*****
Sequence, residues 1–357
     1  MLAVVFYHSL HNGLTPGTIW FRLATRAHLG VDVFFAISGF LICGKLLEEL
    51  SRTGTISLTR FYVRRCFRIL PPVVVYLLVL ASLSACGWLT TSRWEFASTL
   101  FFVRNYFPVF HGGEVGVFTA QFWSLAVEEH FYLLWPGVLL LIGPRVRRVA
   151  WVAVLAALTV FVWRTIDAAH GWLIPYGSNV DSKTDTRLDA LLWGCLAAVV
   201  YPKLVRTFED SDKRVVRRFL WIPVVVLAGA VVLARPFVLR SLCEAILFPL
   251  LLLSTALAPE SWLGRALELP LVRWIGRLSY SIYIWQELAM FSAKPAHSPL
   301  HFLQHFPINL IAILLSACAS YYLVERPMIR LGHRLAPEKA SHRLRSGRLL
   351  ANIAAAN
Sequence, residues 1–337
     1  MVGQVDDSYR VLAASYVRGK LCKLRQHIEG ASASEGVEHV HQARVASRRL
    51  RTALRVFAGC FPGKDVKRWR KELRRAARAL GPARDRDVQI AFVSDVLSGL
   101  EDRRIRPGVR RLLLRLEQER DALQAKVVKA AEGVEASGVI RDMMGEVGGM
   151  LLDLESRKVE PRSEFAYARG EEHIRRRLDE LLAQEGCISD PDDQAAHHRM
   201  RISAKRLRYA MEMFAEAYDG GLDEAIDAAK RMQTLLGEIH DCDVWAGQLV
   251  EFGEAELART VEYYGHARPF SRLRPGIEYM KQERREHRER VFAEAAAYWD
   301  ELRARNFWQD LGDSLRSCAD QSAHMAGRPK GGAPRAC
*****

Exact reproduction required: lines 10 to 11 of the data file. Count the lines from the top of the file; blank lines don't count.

Sequence, residues 1–337
     1  MVGQVDDSYR VLAASYVRGK LCKLRQHIEG ASASEGVEHV HQARVASRRL